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Pope set for historic apology for Indigenous school abuses in Canada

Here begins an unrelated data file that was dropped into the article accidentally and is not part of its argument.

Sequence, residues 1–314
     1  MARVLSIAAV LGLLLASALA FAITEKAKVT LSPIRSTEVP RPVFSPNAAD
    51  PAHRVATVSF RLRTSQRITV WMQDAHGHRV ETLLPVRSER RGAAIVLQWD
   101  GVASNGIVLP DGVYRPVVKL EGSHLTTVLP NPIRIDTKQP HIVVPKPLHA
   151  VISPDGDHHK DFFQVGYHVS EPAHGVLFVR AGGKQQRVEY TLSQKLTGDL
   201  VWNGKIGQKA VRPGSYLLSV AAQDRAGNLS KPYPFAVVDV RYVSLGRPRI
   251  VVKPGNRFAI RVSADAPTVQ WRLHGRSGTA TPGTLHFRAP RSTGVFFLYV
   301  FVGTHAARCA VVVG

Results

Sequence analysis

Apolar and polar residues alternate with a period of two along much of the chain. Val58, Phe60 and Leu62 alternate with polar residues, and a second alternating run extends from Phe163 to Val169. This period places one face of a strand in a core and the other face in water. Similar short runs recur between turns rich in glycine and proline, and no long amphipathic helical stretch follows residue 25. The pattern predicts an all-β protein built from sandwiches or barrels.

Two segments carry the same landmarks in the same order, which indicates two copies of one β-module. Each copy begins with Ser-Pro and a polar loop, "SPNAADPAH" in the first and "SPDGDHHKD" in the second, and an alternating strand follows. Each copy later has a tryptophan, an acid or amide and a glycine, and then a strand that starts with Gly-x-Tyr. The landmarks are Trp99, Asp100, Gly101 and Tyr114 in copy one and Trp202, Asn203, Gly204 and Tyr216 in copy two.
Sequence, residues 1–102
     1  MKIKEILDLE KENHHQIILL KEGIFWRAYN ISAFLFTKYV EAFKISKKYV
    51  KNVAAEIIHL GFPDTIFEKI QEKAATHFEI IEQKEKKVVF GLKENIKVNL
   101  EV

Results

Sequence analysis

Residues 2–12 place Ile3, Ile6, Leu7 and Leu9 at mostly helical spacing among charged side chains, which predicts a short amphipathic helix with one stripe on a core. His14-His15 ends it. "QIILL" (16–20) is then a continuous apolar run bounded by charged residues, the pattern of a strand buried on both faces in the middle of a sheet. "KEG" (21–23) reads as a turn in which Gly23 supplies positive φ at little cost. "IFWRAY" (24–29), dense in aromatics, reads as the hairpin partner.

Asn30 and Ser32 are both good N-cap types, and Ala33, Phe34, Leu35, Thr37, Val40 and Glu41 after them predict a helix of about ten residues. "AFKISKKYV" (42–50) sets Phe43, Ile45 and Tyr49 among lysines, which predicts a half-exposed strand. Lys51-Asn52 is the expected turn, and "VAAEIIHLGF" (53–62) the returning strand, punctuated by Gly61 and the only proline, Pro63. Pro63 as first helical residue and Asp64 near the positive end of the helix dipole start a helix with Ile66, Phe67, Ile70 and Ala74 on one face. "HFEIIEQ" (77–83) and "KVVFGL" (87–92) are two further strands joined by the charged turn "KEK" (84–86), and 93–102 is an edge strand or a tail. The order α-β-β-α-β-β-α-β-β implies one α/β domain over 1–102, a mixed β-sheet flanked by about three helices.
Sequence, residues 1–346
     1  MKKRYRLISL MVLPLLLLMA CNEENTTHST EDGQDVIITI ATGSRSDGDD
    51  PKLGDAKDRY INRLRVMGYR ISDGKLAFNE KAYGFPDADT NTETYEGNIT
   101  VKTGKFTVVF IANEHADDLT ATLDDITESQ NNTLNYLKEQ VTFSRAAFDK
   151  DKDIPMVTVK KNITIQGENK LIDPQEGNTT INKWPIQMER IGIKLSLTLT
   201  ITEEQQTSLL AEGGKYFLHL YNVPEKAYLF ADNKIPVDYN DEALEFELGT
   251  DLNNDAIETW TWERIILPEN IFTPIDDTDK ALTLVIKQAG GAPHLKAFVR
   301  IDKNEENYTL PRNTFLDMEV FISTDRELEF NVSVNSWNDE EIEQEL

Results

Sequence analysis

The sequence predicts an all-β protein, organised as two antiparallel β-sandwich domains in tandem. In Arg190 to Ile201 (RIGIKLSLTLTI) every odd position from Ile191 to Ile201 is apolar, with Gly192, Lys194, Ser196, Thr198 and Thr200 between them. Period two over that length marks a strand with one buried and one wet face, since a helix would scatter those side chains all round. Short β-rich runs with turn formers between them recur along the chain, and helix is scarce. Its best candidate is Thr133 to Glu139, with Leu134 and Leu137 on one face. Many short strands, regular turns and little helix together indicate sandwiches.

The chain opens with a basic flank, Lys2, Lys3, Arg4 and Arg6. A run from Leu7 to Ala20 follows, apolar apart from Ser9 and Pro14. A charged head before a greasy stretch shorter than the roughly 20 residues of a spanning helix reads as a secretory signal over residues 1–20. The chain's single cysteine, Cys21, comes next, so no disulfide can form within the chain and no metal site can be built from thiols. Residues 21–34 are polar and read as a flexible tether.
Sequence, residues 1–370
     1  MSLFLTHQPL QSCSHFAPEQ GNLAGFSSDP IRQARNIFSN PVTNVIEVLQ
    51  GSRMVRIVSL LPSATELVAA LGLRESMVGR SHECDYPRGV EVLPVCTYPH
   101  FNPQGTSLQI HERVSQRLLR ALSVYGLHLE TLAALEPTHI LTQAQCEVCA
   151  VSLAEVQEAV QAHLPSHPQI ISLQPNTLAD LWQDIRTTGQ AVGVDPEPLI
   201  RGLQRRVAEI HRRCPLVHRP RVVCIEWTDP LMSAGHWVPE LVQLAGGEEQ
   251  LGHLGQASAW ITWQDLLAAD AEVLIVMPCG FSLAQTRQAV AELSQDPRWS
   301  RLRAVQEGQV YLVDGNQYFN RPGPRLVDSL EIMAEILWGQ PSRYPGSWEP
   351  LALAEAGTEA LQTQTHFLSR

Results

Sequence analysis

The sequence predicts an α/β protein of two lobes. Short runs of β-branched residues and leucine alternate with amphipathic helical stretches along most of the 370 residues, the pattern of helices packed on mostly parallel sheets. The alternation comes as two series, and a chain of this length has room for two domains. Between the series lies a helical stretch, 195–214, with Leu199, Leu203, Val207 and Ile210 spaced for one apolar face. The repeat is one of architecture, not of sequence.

Thousands of indigenous people gathered Monday in the small Alberta prairie community of Maskwacis to hear a long-awaited apology from Pope Francis for generations of abuse and cultural repression in Catholic residential schools across Canada. Francis was scheduled to arrive mid-morning at the site of the former Ermineskin Indian Residential School, now largely demolished. He planned to stop at the sites of the former school and the nearby cemetery before speaking in a large open area to school survivors, their relatives and other supporters. Francis arrived Sunday in Edmonton, where he was greeted by representatives of Canada’s three main Indigenous groups — First Nations, Métis and Inuit — along with political and church officials. At the welcoming ceremony, Francis kissed the hand of a home school survivor, Elder Alma Desjarlais of the Frog Lake First Nations, a gesture of humility and respect used in the past when meeting with Holocaust survivors. The Pope spent the rest of Sunday at a seminar in Edmonton, Alberta’s capital. The Canadian government has admitted that physical and sexual abuse was rampant in government-funded Christian schools that ran from the 19th century to the 1970s. About 150,000 Indigenous children were taken from their families and forced to attend them in an effort to isolate themselves from the influence of their homes, native languages ​​and cultures and assimilate them into the Christian society of Canada. Francis’ six-day trip — which will also include other sites in Alberta, Quebec City and Iqaluit, Nunavut, in the far north — follows meetings he held this spring at the Vatican with First Nations, Métis and Inuit delegations . Those meetings culminated in a historic apology on April 1 for the “deplorable” abuses committed by some Catholic missionaries in residential schools. Thousands of children died from disease, fires and other causes. The discoveries of hundreds of possible burial sites in former schools over the past year have drawn international heritage attention to the heritage of schools in Canada and their counterparts in the United States. Francis is now following through on his commitment to make that apology on Canadian soil .Maskwacis, about an hour south of Edmonton, is the center of four nations of Cree. Event organizers said they will do everything possible to ensure survivors can attend the event. Many will travel from parking lots, and organizers recognize that many survivors are elderly and will need accessible vehicles, diabetes-friendly snacks and other amenities. Catholics operated most Canadian schools, while various Protestant denominations operated others in cooperation with the government. Prime Minister Justin Trudeau, who last year apologized for the “incredibly harmful government policy” in organizing the residential school system, will also attend the event. Maskwacis along with other government officials. In Maskwacis, the former school where Francis visited has been replaced with a school system operated by the four local Cree nations. The curriculum affirms indigenous culture that was once suppressed. Chief Greg Desjarlais of the Frog Lake First Nation in northern Alberta, a survivor of the school, said after the pope’s arrival Sunday that there are “mixed emotions in this country” during his visit. Think today of the young people who failed to return home and are buried around residential schools,” he told a press conference after the welcome ceremony at the airport. But he expressed optimism that the visit might begin to bring reconciliation. “I know when two people have apologized, we feel better,” he said. “But our people have been through a lot… Our people have been hurt. Some of them have not been able to return home. Now I hope the world will see why our people are so hurt.” On Monday afternoon, Francis is scheduled to visit the Sacred Heart Church of the First Peoples, a Catholic parish in Edmonton that is oriented toward indigenous peoples and culture. The church, whose sanctuary was dedicated last week after being restored from a fire, incorporates indigenous language and customs into the service. “Never in my life did I think I would see a pope here at Sacred Heart Church,” Fernie said. Marty, who holds the title of church elder. “And now we have that chance.” When Francis visits, the church will display the clothes, bread and other supplies it regularly provides to the needy, including many of Edmonton’s estimated population of 75,000. The visit will be an “encounter” that will help “people know what we are, who we are,” said his pastor, the Rev. Jesu Susai.___Associated Press reporters Nicole Winfield in Edmonton and Rob Gillies in Toronto contributed in this report.___Associated Press religion coverage is supported through AP’s partnership with The Conversation US with funding from the Lilly Endowment Inc. AP is solely responsible for this content.